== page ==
user/discover

GET or POST
https://keybase.io/_/api/1.0/user/discover.json
SAMPLE QUERIES
https://keybase.io/_/api/1.0/user/discover.json?twitter=malgorithms,maxtaco
https://keybase.io/_/api/1.0/user/discover.json?twitter=malgorithms,maxtaco&usernames_only=1
https://keybase.io/_/api/1.0/user/discover.json?twitter=malgorithms,maxtaco&usernames_only=1&flatten=1
https://keybase.io/_/api/1.0/user/discover.json?twitter=malgorithms&github=maxtaco
SAMPLE OUTPUT
// this example is for discover.json?twitter=jeresig,alexisohanian
// and the result for 'twitter' is an ARRAY OF ARRAYS. First, any matches for jeresig (there could be 0, 1, or more),
// then any matches for alexisohanian, etc.
//
// if you add 'usernames_only=1' or 'flatten=1' that will restructure results
//
{
  "status": {
    "code": 0,
    "name": "OK"
  },
  "matches": {
    "twitter": [
      [
        {
          "thumbnail": "https://s3.amazonaws.com/keybase_process...",
          "username": "jeresig",
          "uid": "1535b0c717c570f5d486e8823f948e00",
          "public_key": {
            "key_fingerprint": "17209477977b343fec42b6d41e872b3ad262c861",
            "bits": 4096,
            "algo": 1
          },
          "full_name": "John Resig",
          "ctime": 1414294364839,
          "remote_proofs": {
            "dns": [],
            "generic_web_site": [
              {
                "hostname": "ejohn.org",
                "protocol": "http:",
                "searchable": "ejohn"
              }
            ],
            "twitter": "jeresig",
            "github": "jeresig",
            "reddit": null,
            "hackernews": null
          }
        }
      ],
      [
        {
          "thumbnail": "https://s3.amazonaws.com/keybase_process...",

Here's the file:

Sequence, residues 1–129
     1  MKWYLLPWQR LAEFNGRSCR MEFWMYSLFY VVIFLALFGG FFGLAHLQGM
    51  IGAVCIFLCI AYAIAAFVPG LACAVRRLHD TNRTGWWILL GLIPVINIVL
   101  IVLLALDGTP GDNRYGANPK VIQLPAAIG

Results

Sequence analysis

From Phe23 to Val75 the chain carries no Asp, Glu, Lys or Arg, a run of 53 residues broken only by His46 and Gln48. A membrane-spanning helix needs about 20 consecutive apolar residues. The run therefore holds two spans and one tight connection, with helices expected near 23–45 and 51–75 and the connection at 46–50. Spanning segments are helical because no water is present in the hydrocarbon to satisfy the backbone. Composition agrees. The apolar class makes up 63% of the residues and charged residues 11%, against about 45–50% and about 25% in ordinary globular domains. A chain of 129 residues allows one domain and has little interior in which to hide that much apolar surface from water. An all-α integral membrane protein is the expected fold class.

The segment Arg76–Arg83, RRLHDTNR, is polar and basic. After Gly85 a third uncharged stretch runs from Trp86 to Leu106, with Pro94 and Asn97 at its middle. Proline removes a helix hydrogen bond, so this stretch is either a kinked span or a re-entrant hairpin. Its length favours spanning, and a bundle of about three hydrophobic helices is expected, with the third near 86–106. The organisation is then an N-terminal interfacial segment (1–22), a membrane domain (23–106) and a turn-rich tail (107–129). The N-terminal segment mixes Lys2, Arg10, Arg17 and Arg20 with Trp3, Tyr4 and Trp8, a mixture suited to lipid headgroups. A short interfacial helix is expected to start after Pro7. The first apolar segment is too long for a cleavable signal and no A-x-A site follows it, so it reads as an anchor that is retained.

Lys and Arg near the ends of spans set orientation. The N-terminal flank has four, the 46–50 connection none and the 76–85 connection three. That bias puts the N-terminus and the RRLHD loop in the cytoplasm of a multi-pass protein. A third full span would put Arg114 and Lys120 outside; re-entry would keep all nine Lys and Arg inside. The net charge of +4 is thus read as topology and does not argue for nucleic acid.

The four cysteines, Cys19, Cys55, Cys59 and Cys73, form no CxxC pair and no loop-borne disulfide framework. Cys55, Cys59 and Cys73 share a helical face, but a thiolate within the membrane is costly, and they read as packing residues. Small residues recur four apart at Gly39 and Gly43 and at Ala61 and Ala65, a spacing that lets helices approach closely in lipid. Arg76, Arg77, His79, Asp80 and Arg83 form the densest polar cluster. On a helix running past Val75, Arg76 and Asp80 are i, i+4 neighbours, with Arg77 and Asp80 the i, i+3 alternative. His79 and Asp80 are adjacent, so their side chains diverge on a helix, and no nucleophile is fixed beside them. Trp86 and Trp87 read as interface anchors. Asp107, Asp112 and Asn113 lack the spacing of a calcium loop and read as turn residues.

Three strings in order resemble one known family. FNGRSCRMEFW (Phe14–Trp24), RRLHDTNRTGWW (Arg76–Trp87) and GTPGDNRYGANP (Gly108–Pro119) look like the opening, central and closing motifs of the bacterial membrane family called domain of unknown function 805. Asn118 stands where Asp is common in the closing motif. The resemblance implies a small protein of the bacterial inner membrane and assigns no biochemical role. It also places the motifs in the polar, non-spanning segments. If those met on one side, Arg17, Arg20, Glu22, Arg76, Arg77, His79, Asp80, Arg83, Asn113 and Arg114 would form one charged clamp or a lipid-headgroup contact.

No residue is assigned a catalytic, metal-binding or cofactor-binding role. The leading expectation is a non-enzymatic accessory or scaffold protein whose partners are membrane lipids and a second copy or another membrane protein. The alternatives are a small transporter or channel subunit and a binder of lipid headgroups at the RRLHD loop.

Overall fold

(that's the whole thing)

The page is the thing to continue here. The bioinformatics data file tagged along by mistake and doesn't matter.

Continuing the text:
"username": "alexisohanian",
          "uid": "9900486c291f5797e7bb902557205800",
          "public_key": {
            "key_fingerprint": "0185fcefa2a91fabdb25804b130889f31d10fddd",
            "bits": 4096,
            "algo": 1
          },
          "full_name": "Alexis Ohanian",
          "ctime": 1414363336217,
          "remote_proofs": {
            "dns": [],
            "generic_web_site": [],
            "twitter": "alexisohanian",
            "github": null,
            "reddit": "kn0thing",
            "hackernews": null
          }
        }
      ]
    ]
  }
  "csrf_token": "lgHZIDg2YzQ4ZTJhOTU3Y..."
}

For checking Keybase membership and getting display info

If you have a list of twitter usernames, github usernames, websites, etc., this service will provide you with a matching list of Keybase users.

Take special note that the returning data structure is designed to be ordered matches, based on the incoming query. If you pass both a twitter list and a github list, you'll get a dictionary back with "twitter" and "github" entries. Inside each will be an array of arrays. This is because it's hypothetically possible for multiple users to match a single query, and there are multiple queries per identity type.

You can flatten your results with flatten=1. This makes the results one single array and removes duplicates. Flattening is advised if your only goal is to get back a list of users of interest. usernames_only=1 is useful if you plan on following up with a user/lookup call and you just need id's.

For performance reasons, discover is designed only to get you the info needed to display matches. If you need more info, such as full public keys, you should use user/lookup.

By default, results come back with basic info on each user, designed for display purposes. If you need more info, such as

Acceptable params

  • flatten: if true, return a single array of results, with dupes removed.
  • usernames_only: don't reply with display info on the users, just their usernames

  • twitter: twitter usernames to include in results.
  • github: github usernames to match
  • hackernews: hacker news usernames to include in results.
  • web: domains to match (dns, http, or https)
  • key_fingerprint: PGP key fingerprints to match

Pssst, we're hiring.